Happy returns ….. or not
M3K3A46RVFP9 With the much welcomed popularity of the screw cap, there is less and less need to return faulty wines to the retailer. In saying that, I have had to return two bottles of sparkling over the past 6 months with interesting results and I am wondering who else has also experienced confusion and frustration at this process…And who out there may have just given up in that said frustration, not knowing what to do next.
Having actually developed a returned wine policy for a major wine corporation, I like think that basic customer service rules apply at the very least. After all, a brand’s reputation is dependant on an agricultural product’s condition as it arrives in the glass. As a reseller, the retailer has the burden of responsibility to protect this reputation and obviously this goes as far as making sure that when a wine is faulty it should be a painless exercise.
While most retailers will happily exchange the wine if it has a fault, there are obviously some time limits on this. For example, if a wine suffers from poor storage in your house and you try to return it a few months later you may not be very successful. But if it is a cork problem, or you have a foreign object in your wine then you are more likely to be successful if it has been a little while since the purchase.
However, it soon becomes apparent that the policy is not always known at the store level, which is where the problem lies. Perhaps the biggest issue is that there seem to be too few written policy notices near the cash register or anywhere to be seen. Forget trying to find anything on their web sites, this can be as futile as trying to find something written. It is not, after all, an unrealistic concept that customers may want to know what to do if they have problems.
Did you know that some of the large chains have satisfaction guarantee policies where if you do not like the wine, you still might be able to get a refund or exchange? This is at manager’s discretion and some stores will only accept unopened wine so don’t go taking your nearly empty Hill of Grace in to get a new one!! I discovered this when frustratingly attempting to return a bottle of fizz that I had bought to review from my local Liquorland (Note: It has all been sorted to my satisfaction – 3 visits to the store and 3 phone calls later including one to head office).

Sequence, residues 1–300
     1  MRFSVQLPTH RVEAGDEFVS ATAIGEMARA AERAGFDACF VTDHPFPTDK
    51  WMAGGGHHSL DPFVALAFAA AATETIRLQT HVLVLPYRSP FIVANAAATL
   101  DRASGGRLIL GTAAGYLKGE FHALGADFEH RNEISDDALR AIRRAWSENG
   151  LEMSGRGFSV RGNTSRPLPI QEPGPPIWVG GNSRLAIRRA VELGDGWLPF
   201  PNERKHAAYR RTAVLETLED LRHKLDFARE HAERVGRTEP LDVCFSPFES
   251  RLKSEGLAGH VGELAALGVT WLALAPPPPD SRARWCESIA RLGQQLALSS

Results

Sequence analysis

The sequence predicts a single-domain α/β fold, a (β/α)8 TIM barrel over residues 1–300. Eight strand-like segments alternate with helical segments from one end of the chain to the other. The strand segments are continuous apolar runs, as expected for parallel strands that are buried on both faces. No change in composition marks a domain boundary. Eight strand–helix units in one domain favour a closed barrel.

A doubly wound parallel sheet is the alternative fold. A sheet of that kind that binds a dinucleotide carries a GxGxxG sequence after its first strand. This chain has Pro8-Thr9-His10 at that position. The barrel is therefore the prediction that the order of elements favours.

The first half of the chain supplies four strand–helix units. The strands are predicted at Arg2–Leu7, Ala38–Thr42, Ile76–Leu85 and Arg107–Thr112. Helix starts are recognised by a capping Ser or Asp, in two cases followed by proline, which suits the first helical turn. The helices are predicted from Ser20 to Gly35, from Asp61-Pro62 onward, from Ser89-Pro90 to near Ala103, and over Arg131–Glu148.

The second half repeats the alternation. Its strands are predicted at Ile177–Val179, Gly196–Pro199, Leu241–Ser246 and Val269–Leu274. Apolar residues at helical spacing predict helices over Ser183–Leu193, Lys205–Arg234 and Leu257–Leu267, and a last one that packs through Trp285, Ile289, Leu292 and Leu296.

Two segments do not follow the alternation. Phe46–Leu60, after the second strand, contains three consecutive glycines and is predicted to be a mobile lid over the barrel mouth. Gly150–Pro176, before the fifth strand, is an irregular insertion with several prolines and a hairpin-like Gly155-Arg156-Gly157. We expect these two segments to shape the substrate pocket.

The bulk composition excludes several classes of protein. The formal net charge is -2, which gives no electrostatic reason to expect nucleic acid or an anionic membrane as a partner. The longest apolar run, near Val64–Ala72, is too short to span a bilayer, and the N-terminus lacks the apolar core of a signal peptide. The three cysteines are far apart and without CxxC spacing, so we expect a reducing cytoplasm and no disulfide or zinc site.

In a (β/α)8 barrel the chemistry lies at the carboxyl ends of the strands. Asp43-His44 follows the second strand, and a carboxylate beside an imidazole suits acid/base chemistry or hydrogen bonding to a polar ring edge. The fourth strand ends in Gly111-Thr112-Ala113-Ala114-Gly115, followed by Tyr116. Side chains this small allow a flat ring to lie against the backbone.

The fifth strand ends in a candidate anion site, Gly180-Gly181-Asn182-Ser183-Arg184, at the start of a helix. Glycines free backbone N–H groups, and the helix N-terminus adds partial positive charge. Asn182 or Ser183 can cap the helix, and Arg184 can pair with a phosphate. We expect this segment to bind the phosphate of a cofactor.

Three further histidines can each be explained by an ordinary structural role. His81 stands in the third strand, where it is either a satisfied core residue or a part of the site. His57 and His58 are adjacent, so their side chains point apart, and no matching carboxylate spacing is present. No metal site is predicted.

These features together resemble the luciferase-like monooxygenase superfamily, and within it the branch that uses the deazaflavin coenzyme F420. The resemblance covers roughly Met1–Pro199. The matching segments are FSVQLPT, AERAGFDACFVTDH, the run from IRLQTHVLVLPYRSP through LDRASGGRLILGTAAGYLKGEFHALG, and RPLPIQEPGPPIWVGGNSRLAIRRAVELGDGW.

Here are a few quick tips to consider when you too have been frustrated in your attempts.
Tip 1. If you cannot get satisfaction from a genuine complaint at your store, insist on speaking to the store manager.
Tip 2. If no luck with the store manager, contact the head office and be very clear about what you want to happen by way of refund or exchange.
Tip 3. If you still have no satisfaction or simply feel that the situation is too complicated (eg. You might have been given it as a gift and there is no receipt) contact the producer of the wine by phone in the first instance and have the lot number that is usually on the label and the batch number that is etched into the glass at hand. You need some proof that you have the bottle and if it is a foreign object you must keep it also so the winery can test where the object is from and how it got into the bottle.
So, how important is great customer service? 5 years ago, I found a proverbial fly in the last bottle of my favourite carefully cellared1992 Marsanne from a prominent winery. Certainly not an expensive wine, but a favourite none the less. Due to changes in ownership I was unable to get even an acknowledgement from the winery. It was only after I started to write this article that I realised that I have not tasted a wine from this winery since…..